Rumours about Windows 10 hint at changes for the operating system, but not necessarily good changes.
It's apparent that whatever coup happened at Microsoft, the lunatics are now in charge of the asylum. Thus far, Windows 10looks as if it will be like Windows 8.1 visually, but with some redesigned tiles and a few new "apps." The company is all-in with the poke-and-shove iPhone-esque interface on the desktop.
It isn't a coincidence that PC sales began falling just as Windows 8 came along. It's also no coincidence that we are in a post-PC era where the desktop OS is just a bigger version of a phone OS.
Someone at Microsoft – and I suspect it began with the miserable counter-productive "ribbon" interface on Microsoft Word – hates desktop computers.
(Using the word "app" to describe anything on a desktop computer is a giveaway that we are all doomed and must find our way to Linux as soon as possible. Having an idiotic Microsoft Store on the machine is further proof that the end is near. To me an app is a small bit of code for an iPhone to do something cute. Are we going to call the massive SAP suite an "app?" Apparently so. But I digress.)
Whatever the case, I suspect I will be all-in for Linux by the end of 2014 unless the iPhone-ification of the desktop is reversed.
I do have a few suggestions Microsoft should consider to keep me and others interested in Windows 10. The irony here is that these suggestions have been made over and over to the company, but it never listens.
1. Fix the file system
The company promised it would develop a database-style file system that would allow for easy and super-fast searches for keywords within the file. This means it should quickly retrieve every DOC file containing the words "Android OS." The biggest problem with such a file system would be the indexing costs. It is likely that a gigabyte of storage fully indexed as a real database would take 2GB or more in overhead. So what? Terabytes are cheaper than ever. If necessary, you can always make this sort of file system an option for the cheapskate who thinks paying more than £300 for a PC is spending too much money.
2. Fix the networking
How did the Microsoft networking subsystems deteriorate with Windows 7 and above? I have a legacy NAS from Cisco that no OS since Vista can access on my network. There are a few supposed patches that kind of work. Why do I need to patch anything? What's the reason these legacy devices cannot be used anymore? They don't work because nobody wants to write the code to make sure they still work.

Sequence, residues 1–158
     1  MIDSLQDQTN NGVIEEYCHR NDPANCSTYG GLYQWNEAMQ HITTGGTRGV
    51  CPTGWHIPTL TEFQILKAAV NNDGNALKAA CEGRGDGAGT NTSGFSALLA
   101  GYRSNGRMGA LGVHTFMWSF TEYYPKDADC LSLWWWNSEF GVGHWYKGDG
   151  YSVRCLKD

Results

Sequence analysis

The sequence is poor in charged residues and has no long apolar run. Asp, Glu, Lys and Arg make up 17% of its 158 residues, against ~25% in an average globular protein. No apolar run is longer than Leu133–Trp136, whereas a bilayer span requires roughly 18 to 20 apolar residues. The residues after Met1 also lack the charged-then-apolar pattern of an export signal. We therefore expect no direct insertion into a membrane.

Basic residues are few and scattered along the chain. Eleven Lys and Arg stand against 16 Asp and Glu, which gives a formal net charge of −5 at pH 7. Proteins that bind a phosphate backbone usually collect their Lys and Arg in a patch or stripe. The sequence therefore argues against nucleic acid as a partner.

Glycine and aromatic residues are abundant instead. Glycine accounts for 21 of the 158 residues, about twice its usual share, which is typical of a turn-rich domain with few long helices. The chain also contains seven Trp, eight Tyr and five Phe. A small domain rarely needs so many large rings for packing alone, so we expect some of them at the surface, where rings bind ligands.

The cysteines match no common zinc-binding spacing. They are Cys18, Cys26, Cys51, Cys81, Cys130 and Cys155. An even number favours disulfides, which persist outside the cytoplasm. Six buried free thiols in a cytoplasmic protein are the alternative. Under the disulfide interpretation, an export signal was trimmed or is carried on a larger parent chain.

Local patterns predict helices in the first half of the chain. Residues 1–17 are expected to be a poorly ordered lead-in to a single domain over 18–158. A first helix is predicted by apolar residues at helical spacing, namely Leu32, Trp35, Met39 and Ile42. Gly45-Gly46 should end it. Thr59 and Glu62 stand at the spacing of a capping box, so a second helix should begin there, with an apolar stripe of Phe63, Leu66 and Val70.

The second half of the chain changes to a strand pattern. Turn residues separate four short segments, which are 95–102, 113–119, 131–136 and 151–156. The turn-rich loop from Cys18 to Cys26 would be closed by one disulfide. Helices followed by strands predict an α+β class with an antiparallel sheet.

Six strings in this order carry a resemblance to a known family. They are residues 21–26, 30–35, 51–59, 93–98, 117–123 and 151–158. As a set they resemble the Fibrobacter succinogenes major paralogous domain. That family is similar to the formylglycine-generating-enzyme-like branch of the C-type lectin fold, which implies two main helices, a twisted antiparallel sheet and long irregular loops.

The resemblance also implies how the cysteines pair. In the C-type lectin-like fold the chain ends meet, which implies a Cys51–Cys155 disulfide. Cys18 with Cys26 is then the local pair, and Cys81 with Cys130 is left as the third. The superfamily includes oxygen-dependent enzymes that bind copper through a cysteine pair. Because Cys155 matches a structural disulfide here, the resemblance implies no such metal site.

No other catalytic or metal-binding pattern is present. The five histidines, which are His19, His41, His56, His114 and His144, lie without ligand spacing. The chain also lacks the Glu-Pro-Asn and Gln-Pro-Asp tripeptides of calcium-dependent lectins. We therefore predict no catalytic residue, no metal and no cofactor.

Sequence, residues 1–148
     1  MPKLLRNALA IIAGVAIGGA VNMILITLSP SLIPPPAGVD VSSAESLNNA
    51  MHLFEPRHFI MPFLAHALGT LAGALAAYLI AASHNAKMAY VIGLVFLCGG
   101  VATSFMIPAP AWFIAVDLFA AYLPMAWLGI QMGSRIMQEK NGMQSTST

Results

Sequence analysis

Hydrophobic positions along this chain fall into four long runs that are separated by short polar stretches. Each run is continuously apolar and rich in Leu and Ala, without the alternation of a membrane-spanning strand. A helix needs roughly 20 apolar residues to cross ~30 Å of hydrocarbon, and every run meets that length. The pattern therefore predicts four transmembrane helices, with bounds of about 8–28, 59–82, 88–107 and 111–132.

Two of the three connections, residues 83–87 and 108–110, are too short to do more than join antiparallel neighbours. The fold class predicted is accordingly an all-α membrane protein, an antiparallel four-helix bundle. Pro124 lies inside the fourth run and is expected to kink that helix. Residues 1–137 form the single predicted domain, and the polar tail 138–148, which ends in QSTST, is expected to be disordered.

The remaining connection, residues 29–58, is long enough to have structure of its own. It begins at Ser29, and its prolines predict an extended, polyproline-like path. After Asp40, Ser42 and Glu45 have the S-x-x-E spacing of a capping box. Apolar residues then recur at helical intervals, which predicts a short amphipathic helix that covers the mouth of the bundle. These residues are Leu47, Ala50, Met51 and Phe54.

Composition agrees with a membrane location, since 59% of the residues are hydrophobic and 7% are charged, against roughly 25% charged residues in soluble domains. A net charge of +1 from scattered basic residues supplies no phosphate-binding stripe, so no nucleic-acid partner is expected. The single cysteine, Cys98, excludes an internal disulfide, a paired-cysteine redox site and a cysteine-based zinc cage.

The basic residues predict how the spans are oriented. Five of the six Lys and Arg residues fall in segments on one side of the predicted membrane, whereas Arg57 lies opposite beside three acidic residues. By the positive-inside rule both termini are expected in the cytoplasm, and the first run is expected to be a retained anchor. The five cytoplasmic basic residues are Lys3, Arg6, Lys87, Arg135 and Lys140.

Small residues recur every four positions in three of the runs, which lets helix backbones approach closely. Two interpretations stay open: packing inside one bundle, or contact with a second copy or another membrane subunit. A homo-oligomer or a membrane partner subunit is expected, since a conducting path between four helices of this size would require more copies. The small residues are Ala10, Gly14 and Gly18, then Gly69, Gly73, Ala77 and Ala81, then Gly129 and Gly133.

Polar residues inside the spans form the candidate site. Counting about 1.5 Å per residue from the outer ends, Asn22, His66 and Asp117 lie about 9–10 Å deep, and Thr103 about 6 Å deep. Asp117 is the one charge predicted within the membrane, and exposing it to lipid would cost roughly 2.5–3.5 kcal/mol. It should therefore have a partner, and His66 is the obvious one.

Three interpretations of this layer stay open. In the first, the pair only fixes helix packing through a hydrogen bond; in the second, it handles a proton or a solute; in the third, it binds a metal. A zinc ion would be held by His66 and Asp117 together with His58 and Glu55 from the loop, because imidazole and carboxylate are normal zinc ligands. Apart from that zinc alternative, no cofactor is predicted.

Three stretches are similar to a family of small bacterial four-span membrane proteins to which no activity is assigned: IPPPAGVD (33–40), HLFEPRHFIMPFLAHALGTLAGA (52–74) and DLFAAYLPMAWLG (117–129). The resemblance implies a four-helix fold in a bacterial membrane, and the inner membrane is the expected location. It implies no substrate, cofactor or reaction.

3. Bring back the distraction games
What happened to some of the classic games that came with the OS? I'm talking specifically about Spider Solitaire. Where is it? Whatever happened to Pinball, for that matter?
4. Scale everything
This full-screen idiocy must go. I have complained bitterly about the stupidity of full-screen programs from their early pre-Windows 8 conceptualisation. Full-screen programs hark back to the days of DOS. Having a bunch of these running and switching from one to the other is nothing more than DOS task switching from 1985. Check the calendar, people. Why isn't everyone in the tech community squawking about this incessantly? Besides praising this lunacy, now some users are giddy about the new "half full screen" mode. It makes you wonder where everyone with a brain went.
5. Put back the real Start menu
Microsoft can simply go buy the Classic Shell code and use that if it wants a good implementation. The reason for the Start menu was for convenience, nothing more. Taking it away was like that "Ribbon" interface – it's a way to impede an efficient use of the product. Why do this? Why encumber the user? Everything just takes longer than it should.
Windows 10 will be the end of the road for Microsoft if it keeps digging the same hole to nowhere. Everything the company does now seems to be part of some unspoken weird or secret theory stemming from smartphone UIs. It is all so inappropriate for the desktop computer. Microsoft is simply ruining the industry with this tactic, as we see with PC sales. My suggestions above, if implemented properly, would stem the decline.